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Wednesday, July 17, 2019

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The people who live longer have a sense of purpose, a mission in life

The people who live longer have a sense of purpose, a mission in life

A national magazine ran an ad for antidepressants that stated, “15 out of 100 Older Adults May Suffer from Depression. Most of them think it is just a sign of aging. They are wrong! Know the signs: Feelings of sadness or irritability; loss of interest or pleasure in usual activities; sleeping too much or too little; change in weight or appetite; fatigue or loss of energy; feelings of hopelessness or guilt; inability to concentrate or remember things; difficulty making decisions; thoughts of death or suicide.” They then urged their readers who identify with these categories to get help.

Why are the incidences of depression in older adults twice as frequent as in younger persons?

There may be a direct relationship between depression and lack of personal direction. Somehow when we have a sense of purpose, a reason to get up every morning, a personal mission in life, this seems to muster up our internal resources and gives us a positive attitude toward life.

Author and family therapist Mary Ortwein perhaps said it best: “Having a sense of personal mission enables us to prioritize the many demands made on us and on our time. It helps us balance an appreciation of our personal gifts and talents with the needs of the world around us. Mission helps us to stay focused so that we base decisions on principles and ‘the long view’. It enables us to recover more quickly when setbacks and unexpected problems occur. It is a veritable shield against depression.”

Notice the people who live longer. They are the people who keep active. They never really retire; they keep going. They may not have a nine to five job but they keep busy.

They are active in their community and their church. They have plans, and they resist just sitting in the rocking chair all day watching life go by or watching mindless television programs all day. They keep their mind moving as well as their bodies. They try to remain interdependent as long as possible without becoming dependent. They have meaning and purpose in their lives.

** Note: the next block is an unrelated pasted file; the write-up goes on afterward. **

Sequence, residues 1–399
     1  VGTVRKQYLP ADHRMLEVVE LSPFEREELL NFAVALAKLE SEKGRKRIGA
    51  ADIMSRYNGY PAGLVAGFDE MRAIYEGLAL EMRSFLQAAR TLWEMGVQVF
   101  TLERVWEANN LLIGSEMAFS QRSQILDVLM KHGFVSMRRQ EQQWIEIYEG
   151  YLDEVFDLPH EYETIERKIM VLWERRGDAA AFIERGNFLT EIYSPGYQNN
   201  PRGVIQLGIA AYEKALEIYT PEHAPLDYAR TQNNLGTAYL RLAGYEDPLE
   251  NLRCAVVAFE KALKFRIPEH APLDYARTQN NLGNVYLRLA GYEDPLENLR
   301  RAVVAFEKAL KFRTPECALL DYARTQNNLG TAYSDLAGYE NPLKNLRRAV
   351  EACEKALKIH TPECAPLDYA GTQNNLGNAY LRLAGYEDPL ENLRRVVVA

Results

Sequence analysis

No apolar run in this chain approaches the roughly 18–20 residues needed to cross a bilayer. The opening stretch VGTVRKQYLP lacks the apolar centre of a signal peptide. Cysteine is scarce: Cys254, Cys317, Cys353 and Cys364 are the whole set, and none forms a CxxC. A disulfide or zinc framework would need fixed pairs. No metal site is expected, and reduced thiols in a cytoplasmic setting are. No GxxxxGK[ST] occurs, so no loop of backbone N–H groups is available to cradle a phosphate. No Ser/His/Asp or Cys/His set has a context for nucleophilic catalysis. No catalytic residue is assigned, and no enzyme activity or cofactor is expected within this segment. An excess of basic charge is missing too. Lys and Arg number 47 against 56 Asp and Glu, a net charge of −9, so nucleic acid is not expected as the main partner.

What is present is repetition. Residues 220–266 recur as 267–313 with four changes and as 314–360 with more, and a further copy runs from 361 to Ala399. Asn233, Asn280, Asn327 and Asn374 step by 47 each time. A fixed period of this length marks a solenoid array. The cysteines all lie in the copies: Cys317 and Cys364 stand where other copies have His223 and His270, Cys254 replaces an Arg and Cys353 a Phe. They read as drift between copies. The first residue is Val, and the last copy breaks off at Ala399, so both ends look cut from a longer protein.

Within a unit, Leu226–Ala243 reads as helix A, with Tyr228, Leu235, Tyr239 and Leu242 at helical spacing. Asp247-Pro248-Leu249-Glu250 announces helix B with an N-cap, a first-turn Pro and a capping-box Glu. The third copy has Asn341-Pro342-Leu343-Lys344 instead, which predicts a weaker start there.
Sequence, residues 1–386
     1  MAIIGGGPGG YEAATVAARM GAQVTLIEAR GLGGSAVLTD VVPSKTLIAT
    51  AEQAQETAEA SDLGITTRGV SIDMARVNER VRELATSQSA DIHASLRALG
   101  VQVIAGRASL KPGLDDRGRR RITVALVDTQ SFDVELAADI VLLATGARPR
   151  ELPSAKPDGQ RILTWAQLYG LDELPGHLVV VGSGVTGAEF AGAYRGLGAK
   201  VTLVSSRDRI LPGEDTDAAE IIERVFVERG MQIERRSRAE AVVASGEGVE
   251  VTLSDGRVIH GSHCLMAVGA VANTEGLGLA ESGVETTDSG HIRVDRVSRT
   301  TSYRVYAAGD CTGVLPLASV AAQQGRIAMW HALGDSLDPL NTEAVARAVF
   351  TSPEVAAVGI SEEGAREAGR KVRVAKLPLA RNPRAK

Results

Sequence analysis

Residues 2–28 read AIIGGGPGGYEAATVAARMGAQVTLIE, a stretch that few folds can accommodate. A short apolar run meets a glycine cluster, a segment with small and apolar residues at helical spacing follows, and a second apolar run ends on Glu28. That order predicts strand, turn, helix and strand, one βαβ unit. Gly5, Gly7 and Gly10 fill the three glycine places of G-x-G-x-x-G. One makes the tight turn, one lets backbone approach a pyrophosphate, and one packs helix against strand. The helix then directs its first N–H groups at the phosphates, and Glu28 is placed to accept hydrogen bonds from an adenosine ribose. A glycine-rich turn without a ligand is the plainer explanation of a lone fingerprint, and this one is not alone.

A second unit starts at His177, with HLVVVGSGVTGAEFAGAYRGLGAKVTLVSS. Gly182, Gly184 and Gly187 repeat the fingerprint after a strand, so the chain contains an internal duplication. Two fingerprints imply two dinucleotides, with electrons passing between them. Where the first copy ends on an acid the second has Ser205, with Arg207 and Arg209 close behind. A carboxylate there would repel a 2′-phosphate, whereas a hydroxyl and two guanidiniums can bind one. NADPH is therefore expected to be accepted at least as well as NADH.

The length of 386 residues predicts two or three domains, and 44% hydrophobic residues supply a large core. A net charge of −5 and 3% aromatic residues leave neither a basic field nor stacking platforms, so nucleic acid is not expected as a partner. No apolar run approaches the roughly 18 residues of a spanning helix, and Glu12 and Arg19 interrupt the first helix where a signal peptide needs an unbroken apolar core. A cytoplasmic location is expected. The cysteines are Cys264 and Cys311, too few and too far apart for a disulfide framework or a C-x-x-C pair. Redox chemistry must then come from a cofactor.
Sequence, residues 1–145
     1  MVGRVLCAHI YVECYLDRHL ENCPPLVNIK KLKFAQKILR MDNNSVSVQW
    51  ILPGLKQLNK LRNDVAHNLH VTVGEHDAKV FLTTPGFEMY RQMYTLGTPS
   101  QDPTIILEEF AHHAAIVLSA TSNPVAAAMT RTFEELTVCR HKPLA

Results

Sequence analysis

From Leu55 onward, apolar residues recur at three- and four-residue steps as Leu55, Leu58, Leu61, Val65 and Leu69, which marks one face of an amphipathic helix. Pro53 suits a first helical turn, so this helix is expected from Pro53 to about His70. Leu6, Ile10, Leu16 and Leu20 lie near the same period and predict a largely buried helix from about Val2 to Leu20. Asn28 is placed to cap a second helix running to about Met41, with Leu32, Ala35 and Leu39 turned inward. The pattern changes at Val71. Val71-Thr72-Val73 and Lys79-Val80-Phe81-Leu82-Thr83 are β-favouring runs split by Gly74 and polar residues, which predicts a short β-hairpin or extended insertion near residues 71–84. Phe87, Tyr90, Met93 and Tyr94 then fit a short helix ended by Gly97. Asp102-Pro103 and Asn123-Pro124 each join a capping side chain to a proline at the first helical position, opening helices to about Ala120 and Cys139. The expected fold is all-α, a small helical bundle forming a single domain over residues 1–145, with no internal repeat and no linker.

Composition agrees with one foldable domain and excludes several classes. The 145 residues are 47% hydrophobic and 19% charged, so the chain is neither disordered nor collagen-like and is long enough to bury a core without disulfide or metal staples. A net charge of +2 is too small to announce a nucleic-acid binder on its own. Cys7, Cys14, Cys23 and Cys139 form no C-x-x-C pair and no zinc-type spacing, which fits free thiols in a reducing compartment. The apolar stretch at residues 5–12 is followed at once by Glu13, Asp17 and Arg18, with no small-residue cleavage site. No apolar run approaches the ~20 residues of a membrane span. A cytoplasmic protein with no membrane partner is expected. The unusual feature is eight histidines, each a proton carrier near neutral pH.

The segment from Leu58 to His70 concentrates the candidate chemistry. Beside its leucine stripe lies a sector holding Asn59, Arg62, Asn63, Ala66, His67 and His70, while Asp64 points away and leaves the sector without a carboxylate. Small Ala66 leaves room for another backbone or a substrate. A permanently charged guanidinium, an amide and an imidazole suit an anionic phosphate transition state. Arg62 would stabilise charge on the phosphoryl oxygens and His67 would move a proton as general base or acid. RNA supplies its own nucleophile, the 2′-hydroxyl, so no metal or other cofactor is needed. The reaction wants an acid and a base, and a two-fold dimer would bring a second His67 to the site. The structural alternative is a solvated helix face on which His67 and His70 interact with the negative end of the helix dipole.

They are also very positive. They believe that life is good and beautiful despite all the problems and setbacks. They are usually genuinely spiritual. They feel connected with God’s power and experience God’s goodness in all aspects of life. They fix their vision on what is pure and good, beautiful, stable, and changeless … the love within us and all around us.

When we do not have a sense of meaning, we set ourselves up for depression. It seems that our very life energy requires the dynamic of purpose. Our lives must be filled with some personal achievement and success. We must continue to become a loving person, ridding ourselves of any hatred, bitterness or an unforgiving disposition. We also must learn to deal with pain, suffering and loss, working through these “deaths” to new life.
Maybe some questions might be helpful in getting us moving again.

Am I living a meaningful life? Do I know where I am going at this stage of my life? Can I answer the “big questions” in life? Do I dream? Do I believe that change can bring added meaning to life? Do I feel an inner energy inside me? Do I engage my imagination in whatever I do? Do I feel a part of a larger whole? Do I experience a deepening of my spirituality – my relationship to God, others, myself, and the world? Do I maintain a vision of where I am going?

Remember Jose Addison’s three essential elements for happiness: (1) Something to do; (2) someone to love; and (3) something to hope for.

I have enjoyed my retirement years by becoming a pastor again. What about you?